Experience has proven that all do understand, and that all eagerly, earnestly and full-heartedly do take the true position at the moment of arousal when the definite engagement is inwardly signed and sealed. With glad faces set towards the rising sun, the happy travellers, buoyed by the waves of gratitude and the stout raft of a perceived something-to-do, definitely and self-consciously start out upon their journey. "The portal that faceth thee is high and wide, seems easy of access. The road that leads therethrough is straight and smooth and green. 'Tis like a sunny glade in the dark forest's depths, a spot on earth mirrored from Amitabha's(1) paradise."

Whatever is to be met and passed through in the "dark forest" of his own nature -- that ancient and familiar human nature common to all men -- the fact is clear: the entire process of self-initiation is no more actually than a resolute moving on -- just to hold face in the true direction and keep travelling, step by step, purposefully, controlledly, persistently, cheerfully, with the motive to fit one's self to be the better able to help and teach others. The goal, being universal, cannot possibly exclude the traveller himself from the possession and enjoyment of power and knowledge. The journey is the only thing worth while in very truth, for it includes all things -- the understanding and right use of everything good or bad that life holds for any and all. Nothing is or is to be left out, and no one. Far from separating the traveller from any of his Brother-Souls, it joins him to them. Far from shutting him out from any department of Nature, the journey makes him one with Nature herself, since all must be contacted, understood, used, assimilated. The glorious garment of Adeptship is being spun and woven. The threads that make its warp and woof are of every shade and every color. Shaped into the perfect garment, they yet remain unbroken; each leads to that portion of Nature from which it has been spun; thus is the garment universal, although it has been individualized to fit the maker and the wearer.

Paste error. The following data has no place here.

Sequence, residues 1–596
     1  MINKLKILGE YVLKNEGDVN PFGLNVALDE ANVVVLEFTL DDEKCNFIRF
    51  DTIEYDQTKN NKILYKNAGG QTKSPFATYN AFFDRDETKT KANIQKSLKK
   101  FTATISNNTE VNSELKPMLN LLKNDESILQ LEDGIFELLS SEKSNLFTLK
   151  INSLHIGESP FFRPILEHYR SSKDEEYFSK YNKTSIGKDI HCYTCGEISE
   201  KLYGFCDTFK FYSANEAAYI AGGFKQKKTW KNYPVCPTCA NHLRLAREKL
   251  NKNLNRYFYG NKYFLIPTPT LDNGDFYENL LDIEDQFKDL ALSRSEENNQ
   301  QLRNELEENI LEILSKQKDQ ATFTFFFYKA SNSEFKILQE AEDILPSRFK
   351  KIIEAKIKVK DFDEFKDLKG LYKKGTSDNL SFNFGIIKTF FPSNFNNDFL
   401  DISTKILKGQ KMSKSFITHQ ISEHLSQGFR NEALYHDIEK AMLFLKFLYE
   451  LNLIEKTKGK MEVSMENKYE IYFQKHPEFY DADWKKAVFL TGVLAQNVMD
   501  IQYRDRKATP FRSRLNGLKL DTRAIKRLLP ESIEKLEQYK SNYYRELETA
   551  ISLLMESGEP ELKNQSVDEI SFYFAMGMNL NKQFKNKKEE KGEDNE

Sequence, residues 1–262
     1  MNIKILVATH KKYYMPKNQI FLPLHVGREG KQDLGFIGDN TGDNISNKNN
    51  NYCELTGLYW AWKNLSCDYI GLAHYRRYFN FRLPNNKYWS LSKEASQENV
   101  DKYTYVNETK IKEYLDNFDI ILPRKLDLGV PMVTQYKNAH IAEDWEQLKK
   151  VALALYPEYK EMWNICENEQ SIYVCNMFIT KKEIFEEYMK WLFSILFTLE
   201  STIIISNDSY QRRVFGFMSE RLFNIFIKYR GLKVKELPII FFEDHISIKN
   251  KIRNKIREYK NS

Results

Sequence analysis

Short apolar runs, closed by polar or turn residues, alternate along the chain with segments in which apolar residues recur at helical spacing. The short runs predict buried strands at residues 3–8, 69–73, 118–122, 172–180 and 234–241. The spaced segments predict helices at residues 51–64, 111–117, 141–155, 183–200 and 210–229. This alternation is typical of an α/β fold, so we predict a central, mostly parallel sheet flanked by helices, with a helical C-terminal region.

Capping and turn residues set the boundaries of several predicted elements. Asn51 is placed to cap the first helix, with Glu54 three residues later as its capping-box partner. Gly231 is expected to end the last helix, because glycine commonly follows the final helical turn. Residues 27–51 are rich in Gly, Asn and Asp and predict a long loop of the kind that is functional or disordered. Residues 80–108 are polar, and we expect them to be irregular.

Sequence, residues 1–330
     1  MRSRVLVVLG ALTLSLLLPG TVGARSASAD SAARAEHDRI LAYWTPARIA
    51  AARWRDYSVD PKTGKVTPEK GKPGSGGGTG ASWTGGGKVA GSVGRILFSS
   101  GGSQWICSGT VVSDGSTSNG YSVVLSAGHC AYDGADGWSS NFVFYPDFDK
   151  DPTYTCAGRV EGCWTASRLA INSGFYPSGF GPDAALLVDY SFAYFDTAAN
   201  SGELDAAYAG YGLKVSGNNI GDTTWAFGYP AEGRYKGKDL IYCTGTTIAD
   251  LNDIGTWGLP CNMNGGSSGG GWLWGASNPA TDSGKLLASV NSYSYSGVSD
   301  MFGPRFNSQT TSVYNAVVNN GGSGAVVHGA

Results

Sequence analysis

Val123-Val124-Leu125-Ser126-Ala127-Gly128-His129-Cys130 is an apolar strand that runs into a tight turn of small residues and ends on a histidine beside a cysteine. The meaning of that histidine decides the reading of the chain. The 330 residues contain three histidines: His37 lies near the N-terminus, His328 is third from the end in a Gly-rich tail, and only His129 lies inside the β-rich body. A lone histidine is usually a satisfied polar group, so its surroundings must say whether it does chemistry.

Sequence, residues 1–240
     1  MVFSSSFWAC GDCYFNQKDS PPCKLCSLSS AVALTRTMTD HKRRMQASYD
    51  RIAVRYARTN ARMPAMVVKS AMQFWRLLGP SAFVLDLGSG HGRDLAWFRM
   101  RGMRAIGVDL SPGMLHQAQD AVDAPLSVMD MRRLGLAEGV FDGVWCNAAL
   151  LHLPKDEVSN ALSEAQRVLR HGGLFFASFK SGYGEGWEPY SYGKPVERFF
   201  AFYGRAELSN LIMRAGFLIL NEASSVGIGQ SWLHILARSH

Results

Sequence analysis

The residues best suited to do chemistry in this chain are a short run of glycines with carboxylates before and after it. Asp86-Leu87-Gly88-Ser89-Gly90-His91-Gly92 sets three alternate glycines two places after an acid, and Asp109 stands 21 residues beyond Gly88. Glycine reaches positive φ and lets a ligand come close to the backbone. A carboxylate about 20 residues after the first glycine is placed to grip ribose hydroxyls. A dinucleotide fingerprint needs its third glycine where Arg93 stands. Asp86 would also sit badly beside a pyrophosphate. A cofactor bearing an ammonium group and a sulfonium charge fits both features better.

The path, plan, method, modulus are all natural in the simple and straightforward moving on. Yet where are the Enlightened, the fully Conscious, the Selfless Altruists, who at the same time are knowers and fulfillers of Right Performance? What darkness blinds, misleads? Darkness of muddy and unconquered likes and dislikes; of avoided or grudgingly fulfilled small, plain duties; of choosing the dearer rather than the better; of inattention rather than positive, alert attention; of being carried away by the great "turba", the mass movement of men, away from one's own self-elected path, that the mass movement itself be rectified; of being swayed by persons rather than principles; of mistaking personal affection for gratitude, desire for intuition, laudation for recognition, activity for industry.

One does not part with human nature when stepping out upon that Path. He only resolves to. One does not yet possess that patience which transmutes obstacles into upward aids. He merely begins its cultivation. One has not become at once self-reliant and self-contained and self-sufficient. He only sees their value. One is not already a powerful and efficient benefactor of mankind. He is yet but a grateful recipient, but a kindergarten child, whatever the strength of mind and forceful nature the personality may imply. He is not yet a great Soul, a leader of men, just because he has heard of such and would emulate them. Incorrigibly virtuous? Far from it, whatever the seeming. Nor is, or ever was, innocence knowledge. Hardened and flawless steel must pass through the crucible of experience and emerge made before it is fit and ready for the weapon-forge that will weld it into an instrument of war. Teacher, Teaching and Taught have to become ONE before the Paramitas(2) are substantially acquired, and the forty-nine fires of consciousness blended as one piercing ray blaze through the carapace of self-hood.